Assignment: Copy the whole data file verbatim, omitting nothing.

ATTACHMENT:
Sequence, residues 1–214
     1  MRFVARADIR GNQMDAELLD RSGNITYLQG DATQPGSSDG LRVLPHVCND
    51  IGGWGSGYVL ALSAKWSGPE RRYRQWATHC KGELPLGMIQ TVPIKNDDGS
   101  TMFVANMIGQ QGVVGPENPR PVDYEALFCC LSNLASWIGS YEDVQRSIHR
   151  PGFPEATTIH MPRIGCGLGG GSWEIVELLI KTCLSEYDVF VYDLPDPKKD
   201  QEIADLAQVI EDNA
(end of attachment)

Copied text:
Sequence, residues 1–214
     1  MRFVARADIR GNQMDAELLD RSGNITYLQG DATQPGSSDG LRVLPHVCND
    51  IGGWGSGYVL ALSAKWSGPE RRYRQWATHC KGELPLGMIQ TVPIKNDDGS
   101  TMFVANMIGQ QGVVGPENPR PVDYEALFCC LSNLASWIGS YEDVQRSIHR
   151  PGFPEATTIH MPRIGCGLGG GSWEIVELLI KTCLSEYDVF VYDLPDPKKD
   201  QEIADLAQVI EDNA